> mechanism's (buffer allocation and deletion etc) that the developer
> should be familiar with in order for them to apply such mechanism's to
> their own classes and algorithms.


Yes, but they should only need to apply those things to their own
classes and algorithms *after* hello world, and whatever else comes
after that.

> The concept of arrays may be more advanced, but a character array is
> IMHO the simplest, most concrete way to explain those features and
> visualize them. It's much easier to explain an array of chars than an
> array of X objects.


std::vector is much easier to use than a dynamically allocated array.

> One should be aware of what allocates memory where and who deletes it
> before diving into library functions that do it for you.


Why? Keeping that horrible resource management stuff hidden (in
constructors and destructors - RAII) is what we all strive to do in
order to create code that is not leaky and exception safe, surely?

Why should a beginner learn how to misuse dangerous tools from the very
beginning (when they don't need to), only to be set straight later on?

> This may seem backwards - heck, it may even actually be backwards - but
> I believe it's a better way to learn.


I guess that you think that you should learn C before C++?

> Also, the recommendation of "Heck, just use std::string" usually comes
> at a point where somebody is fundamentally misunderstanding what a
> char* does. So I definitely think it's better to explain that first,
> before just pointing towards a library feature.


I disagree. Get inexperienced people to use the features that have been
painstakingly designed and refined over time and slapped in the standard
library, instead of reinventing the wheel.

The features have to be in standard-conforming implementation. They are
there to hide all the messy details of resource allocation, provide
value-semantics and generally make your life easier.

The use of raw pointers is really only necessary in very low-level code,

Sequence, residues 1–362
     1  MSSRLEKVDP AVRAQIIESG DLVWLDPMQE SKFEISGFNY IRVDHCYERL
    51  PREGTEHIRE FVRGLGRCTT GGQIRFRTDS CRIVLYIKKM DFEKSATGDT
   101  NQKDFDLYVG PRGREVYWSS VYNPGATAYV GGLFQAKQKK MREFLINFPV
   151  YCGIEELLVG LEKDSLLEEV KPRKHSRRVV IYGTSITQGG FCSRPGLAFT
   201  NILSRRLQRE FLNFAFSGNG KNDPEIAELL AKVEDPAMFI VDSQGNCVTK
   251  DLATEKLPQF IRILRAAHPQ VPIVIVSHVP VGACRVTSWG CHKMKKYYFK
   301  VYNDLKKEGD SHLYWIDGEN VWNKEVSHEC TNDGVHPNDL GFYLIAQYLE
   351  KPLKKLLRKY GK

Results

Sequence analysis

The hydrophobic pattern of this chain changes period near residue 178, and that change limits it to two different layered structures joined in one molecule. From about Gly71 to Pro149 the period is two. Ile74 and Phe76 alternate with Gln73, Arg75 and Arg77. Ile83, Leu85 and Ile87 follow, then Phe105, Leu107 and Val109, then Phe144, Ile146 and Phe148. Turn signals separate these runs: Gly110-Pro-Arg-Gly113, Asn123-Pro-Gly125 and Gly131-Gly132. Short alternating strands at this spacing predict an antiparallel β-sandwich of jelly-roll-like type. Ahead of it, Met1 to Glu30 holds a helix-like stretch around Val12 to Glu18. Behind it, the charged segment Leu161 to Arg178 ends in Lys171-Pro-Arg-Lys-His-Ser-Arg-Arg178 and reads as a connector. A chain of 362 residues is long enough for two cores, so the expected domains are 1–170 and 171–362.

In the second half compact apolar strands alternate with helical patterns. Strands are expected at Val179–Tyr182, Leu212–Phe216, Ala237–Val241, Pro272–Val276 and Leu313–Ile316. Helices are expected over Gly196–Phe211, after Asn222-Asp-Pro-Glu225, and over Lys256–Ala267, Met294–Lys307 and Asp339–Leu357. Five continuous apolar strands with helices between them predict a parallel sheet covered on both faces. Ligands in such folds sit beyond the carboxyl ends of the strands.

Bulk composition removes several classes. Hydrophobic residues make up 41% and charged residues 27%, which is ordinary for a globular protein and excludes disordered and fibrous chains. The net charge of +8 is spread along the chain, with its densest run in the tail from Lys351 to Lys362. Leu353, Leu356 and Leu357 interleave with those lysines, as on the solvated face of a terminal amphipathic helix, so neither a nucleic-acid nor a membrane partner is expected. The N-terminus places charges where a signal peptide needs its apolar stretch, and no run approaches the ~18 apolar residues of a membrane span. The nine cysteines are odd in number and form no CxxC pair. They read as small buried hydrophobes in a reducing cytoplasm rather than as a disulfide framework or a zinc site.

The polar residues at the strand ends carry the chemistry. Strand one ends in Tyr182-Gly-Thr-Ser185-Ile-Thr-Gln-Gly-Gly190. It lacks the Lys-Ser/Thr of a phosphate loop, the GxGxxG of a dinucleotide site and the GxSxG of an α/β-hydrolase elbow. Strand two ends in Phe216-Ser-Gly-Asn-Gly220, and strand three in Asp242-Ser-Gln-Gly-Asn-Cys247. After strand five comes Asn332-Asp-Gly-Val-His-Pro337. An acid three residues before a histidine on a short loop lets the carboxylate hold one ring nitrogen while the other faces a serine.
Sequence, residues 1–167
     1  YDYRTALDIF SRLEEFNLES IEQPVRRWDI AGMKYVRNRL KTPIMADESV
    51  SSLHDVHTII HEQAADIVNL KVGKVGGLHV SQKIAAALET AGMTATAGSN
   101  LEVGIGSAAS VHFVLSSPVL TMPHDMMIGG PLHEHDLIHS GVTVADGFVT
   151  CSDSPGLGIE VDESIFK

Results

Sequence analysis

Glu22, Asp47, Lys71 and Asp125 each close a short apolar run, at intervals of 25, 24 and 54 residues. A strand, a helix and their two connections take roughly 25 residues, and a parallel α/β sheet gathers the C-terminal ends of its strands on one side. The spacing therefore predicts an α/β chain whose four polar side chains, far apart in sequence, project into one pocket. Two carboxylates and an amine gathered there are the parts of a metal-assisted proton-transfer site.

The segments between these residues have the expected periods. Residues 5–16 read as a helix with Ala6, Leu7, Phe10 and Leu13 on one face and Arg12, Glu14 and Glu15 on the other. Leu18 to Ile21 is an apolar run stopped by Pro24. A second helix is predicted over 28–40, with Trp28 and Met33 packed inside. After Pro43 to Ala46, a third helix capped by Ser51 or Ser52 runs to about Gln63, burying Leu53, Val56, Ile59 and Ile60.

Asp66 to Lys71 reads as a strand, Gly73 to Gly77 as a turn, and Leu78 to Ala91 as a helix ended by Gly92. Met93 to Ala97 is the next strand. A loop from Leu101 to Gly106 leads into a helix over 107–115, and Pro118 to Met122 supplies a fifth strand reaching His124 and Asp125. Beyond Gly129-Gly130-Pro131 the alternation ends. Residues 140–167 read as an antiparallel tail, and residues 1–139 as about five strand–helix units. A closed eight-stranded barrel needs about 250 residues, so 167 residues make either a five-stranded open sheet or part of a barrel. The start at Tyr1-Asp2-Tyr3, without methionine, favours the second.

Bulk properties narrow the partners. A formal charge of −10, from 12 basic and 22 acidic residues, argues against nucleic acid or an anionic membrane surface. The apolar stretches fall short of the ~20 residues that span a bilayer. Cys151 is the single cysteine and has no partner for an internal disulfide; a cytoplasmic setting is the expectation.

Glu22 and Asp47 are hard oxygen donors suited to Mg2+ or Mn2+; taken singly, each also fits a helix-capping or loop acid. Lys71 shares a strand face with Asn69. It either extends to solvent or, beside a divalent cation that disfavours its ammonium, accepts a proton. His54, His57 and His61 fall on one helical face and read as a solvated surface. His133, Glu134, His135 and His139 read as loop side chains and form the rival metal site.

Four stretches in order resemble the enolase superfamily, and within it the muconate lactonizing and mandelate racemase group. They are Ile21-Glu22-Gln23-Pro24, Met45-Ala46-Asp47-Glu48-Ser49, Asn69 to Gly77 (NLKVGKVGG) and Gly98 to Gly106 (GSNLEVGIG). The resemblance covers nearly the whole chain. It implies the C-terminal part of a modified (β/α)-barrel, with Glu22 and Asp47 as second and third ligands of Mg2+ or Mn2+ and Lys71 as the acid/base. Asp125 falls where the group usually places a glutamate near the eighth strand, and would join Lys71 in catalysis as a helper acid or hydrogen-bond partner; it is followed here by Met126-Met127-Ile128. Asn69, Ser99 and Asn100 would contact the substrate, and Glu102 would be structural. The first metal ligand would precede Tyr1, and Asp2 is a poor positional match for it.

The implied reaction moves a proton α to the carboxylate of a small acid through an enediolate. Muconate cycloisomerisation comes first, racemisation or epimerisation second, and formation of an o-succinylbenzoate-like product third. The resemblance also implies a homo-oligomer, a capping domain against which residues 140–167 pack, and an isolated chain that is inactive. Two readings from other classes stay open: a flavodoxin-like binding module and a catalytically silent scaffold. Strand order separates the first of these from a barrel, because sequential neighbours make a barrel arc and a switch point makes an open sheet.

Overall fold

and at that point you really do need to understand in detail what every
line of code *really* does... such as whether it can throw an exception,
in order to avoid resource leaks.

Pointers and the free store are often unnecessary in simple programs,
and even then, the use of references rather than pointers mitigates the
chance of many errors.

The moment you introduce pointers you have to introduce not just
reference semantics, but exception safety and resource management
techniques such as RAII. IMO this is too much to grasp in one go,
especially for a beginner.

> Otherwise one could simply say "Don't bother with char*'s, just use
> Visual Basic!" ;)


I'll refer to your previous comment:

> The "usage" of std::strings is easier than char* of course. But
> std::string hides implementation details and simple language
> mechanism's (buffer allocation and deletion etc) that the developer
> should be familiar with in order for them to apply such mechanism's to
> their own classes and algorithms.


So I guess everybody should be taught machine code initially. C++ is
way too abstract!

Abstractions are what we try to model in our software, in order to not
have to think about the details. The more details that can disappear
behind an interface, the better.

Ben Pope
--
I'm not just a number. To many, I'm known as a string...

Neil Cerutti 01-05-2006 02:17 PM

Re: problem with strings
 
On 2006-01-04, int2str@gmail.com <int2str@gmail.com> wrote:
>
> Ron Natalie wrote:
>> Ditch your attempts to use char* and use std::string.

>
> I know this is widely echoed advise in this news group, but I'm
> not sure I agree with it.
>
> Personally I think new programmers getting into C++ should
> actually DO figure out how char*'s work. Once they've mastered
> char*'s and start "real projects", they should obviously use
> std::string or some equivalent, but if you don't have a general
> understanding of new and delete (or delete[] ), I don't think
> you should simply skip the basics and move on to std::string...


Learn std::string first, along with the other standard
containers. Then learn about iterators. After that, pointers will
practically be learned; there just another iterator, after all.

This is the approach taken in _Accelerated C++_. Before you're
done you write your own String and Vector classes. It's a
perfectly legitimate approach.

--
Neil Cerutti